PJM Releases 2019 Annual Planning Report

Flat Load Growth, Energy Efficiency, Aging Infrastructure Shape System Needs

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The PJM Board of Managers in 2019 approved 80 baseline transmission projects to bolster system reliability, according to PJM’s annual Regional Transmission Expansion Plan Report, released Tuesday, March 3.

The RTEP report documents the critical planning work that is one of PJM’s three core functions, along with daily operations and running the wholesale electricity markets.

The emphasis on baseline projects reflects a shift in the drivers shaping the need for transmission enhancement and expansion through study year 2024. Flat load growth in the overall system, energy efficiency, generation shifts and aging infrastructure, among other factors, continue to move transmission need away from large-scale, cross-system backbone projects.

Instead, transmission investment growth is focused on projects driven by transmission owner criteria, market efficiency congestion, generator deactivation and localized reliability criteria needs.

The 80 baseline transmission projects are estimated to cost $1.27 billion. In 2019, the Board also authorized 95 new network transmission projects at a cost of approximately $100 million.

Report Puts 2019 Planning in Perspective

PJM publishes the RTEP report annually to convey planning study results from throughout the year, provide context for these studies and explain the rationale behind transmission system needs.

RTEP studies test the transmission system against the mandatory national standards of the North American Electric Reliability Corporation, as well as PJM regional standards. The studies look from one to 15 years into the future to identify transmission overloads, voltage limitations and other potential problems stemming from violations of reliability standards and other factors.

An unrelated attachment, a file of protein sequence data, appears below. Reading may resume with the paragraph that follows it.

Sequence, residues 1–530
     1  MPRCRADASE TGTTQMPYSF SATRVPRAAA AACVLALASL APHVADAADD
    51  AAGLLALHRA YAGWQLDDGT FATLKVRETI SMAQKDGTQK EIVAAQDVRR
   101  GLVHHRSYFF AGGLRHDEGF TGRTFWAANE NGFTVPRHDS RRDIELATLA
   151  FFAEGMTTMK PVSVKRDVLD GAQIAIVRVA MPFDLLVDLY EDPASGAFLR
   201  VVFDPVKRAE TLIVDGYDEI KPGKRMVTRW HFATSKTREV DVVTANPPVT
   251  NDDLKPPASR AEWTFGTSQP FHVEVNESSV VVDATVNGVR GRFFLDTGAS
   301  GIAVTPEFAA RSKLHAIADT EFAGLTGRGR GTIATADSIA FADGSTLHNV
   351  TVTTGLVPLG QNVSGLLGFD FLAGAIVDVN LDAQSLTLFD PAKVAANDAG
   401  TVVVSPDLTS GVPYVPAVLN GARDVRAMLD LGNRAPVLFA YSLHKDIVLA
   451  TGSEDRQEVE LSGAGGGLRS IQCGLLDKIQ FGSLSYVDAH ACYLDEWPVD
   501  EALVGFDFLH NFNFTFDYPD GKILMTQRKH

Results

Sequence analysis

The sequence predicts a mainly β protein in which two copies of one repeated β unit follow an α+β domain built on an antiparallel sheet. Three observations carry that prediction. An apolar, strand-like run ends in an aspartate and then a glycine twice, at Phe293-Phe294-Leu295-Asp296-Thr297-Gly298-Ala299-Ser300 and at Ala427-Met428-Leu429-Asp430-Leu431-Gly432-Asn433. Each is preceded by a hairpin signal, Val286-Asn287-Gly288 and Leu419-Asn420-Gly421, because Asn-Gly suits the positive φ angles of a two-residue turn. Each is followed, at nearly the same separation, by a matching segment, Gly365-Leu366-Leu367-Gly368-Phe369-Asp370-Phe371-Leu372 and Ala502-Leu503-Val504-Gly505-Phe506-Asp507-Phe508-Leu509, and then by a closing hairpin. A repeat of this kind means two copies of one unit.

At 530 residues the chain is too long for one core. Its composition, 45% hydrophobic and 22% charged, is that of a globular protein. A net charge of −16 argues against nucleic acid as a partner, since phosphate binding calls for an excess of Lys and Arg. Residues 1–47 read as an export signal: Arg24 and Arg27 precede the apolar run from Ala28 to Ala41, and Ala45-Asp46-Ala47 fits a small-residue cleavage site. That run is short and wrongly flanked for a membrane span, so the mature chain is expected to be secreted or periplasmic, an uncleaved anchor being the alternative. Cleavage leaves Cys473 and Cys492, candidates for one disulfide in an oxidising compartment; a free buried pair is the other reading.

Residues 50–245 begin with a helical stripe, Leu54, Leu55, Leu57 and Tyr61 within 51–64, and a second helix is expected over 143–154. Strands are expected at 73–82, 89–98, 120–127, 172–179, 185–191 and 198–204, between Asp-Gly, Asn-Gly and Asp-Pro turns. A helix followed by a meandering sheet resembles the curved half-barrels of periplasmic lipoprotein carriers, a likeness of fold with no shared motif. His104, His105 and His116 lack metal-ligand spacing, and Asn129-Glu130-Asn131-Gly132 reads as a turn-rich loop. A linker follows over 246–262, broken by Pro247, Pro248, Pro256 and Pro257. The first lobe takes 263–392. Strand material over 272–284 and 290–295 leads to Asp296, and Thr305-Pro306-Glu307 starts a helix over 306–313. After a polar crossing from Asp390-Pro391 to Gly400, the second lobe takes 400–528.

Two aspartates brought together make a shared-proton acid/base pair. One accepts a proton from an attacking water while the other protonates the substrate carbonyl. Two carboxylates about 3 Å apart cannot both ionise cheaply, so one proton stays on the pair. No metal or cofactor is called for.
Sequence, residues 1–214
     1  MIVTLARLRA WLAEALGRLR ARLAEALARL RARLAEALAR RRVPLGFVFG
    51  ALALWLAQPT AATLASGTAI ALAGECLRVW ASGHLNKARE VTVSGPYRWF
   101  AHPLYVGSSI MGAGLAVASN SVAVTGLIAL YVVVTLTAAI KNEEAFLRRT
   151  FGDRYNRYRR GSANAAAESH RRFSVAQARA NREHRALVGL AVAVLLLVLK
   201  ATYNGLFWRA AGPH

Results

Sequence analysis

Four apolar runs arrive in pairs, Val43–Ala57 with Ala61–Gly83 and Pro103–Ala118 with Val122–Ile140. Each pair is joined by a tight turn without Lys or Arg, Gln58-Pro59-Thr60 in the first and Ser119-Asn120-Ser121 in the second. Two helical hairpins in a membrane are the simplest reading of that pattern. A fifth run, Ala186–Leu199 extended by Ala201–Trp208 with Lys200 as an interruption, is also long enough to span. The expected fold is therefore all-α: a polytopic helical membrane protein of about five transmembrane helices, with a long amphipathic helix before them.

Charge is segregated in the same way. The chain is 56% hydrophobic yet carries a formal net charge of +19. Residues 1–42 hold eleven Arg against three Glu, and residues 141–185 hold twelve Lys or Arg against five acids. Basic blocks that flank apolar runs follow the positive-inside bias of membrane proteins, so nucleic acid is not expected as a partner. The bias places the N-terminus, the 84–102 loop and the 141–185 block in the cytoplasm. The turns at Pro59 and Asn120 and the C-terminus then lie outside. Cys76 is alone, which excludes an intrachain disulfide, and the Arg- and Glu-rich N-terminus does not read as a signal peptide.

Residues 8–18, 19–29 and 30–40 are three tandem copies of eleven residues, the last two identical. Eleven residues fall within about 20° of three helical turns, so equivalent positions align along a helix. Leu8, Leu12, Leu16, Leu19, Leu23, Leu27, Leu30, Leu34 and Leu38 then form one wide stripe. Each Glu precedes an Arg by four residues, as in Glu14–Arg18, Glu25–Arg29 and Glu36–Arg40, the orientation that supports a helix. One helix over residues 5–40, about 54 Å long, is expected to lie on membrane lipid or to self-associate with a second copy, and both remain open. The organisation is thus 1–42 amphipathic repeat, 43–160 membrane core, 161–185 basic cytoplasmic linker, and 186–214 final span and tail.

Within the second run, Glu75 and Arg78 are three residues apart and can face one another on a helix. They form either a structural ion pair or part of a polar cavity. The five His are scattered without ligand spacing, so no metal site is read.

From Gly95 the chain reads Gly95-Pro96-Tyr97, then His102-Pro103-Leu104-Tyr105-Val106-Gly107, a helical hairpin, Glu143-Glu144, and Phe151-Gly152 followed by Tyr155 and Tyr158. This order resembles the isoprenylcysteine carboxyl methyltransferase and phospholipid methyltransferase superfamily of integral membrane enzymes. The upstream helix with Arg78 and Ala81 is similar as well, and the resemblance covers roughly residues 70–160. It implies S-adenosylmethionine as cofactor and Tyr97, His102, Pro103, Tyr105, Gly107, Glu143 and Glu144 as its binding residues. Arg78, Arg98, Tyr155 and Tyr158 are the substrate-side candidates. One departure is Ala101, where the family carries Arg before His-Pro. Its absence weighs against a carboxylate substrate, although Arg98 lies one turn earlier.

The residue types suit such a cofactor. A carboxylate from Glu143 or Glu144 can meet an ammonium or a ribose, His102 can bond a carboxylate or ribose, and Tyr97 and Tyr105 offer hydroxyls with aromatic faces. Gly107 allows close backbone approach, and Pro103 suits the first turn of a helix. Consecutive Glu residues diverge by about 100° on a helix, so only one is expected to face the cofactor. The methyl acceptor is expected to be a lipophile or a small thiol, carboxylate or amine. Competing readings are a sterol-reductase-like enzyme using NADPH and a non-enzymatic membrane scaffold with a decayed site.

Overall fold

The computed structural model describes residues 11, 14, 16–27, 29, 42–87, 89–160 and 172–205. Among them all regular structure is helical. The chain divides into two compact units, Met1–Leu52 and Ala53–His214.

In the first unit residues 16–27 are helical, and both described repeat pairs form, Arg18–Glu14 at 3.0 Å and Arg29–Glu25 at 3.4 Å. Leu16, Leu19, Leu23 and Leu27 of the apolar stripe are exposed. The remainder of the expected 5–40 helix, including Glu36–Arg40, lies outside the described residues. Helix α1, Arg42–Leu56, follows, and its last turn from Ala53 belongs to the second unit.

Proposals for new generators or transmission resources to connect to the grid also are evaluated through PJM’s planning process, as are proposed generation retirements. Analyses assess their impact to the grid and the potential need for additional transmission enhancements.

Load Forecast Trends

Load forecasts from the past five years reflect broader trends in the U.S. economy and PJM model refinements to capture evolution in the way customers use electricity. These include more efficient manufacturing equipment and home appliances, and distributed energy resources such as roof-top solar installations. Countering this overall trend toward slower load growth are pockets of significant load growth related to data-center expansion and natural gas processing plants (fracking).

Renewable Power Continues to Grow

Correspondingly, PJM’s interconnection queue process continues to see renewable-powered generation growth.

As of Dec. 31, 2019, wind-powered generators represented queued requests for capacity interconnection rights (CIRs) totaling 6,240 MW. Those CIRs – which are necessary to sell electricity into the PJM markets – correspond to nameplate capacity of 31,206 MW.

Similarly, queued, solar-powered generator requests for CIRs totaled 35,759 MW, corresponding to nameplate capacity of 61,488 MW.

Proposal Window Yields 15 Proposals

In the proposal window open July 3 to Sept. 6, 2019, PJM received 15 proposals from four entities.

More than 60,000 MW of interconnection requests were actively under study during 2019. PJM analyzed and issued reports for 550 feasibility studies and 379 system impact studies.

Also in 2019, PJM received 36 deactivation notifications, representing 7,650 MW. This included 12 coal unit deactivations totaling 2,750 MW. All transmission expansion planning was successfully completed with the new deactivations, along with the withdrawal of a significant number of previously submitted deactivations.

A Decade of Transmission Expansion

Since the first proposal window opened in 1999, PJM markets have attracted generation proposals totaling over 606,000 MW of nameplate capacity across all fuel types.

In that time, the PJM Board has approved transmission system enhancements totaling over $37 billion. Of this, $30.9 billion represents baseline projects. Another $6.4 billion represents network facilities to enable nearly 90,000 MW of new generation to interconnect reliably.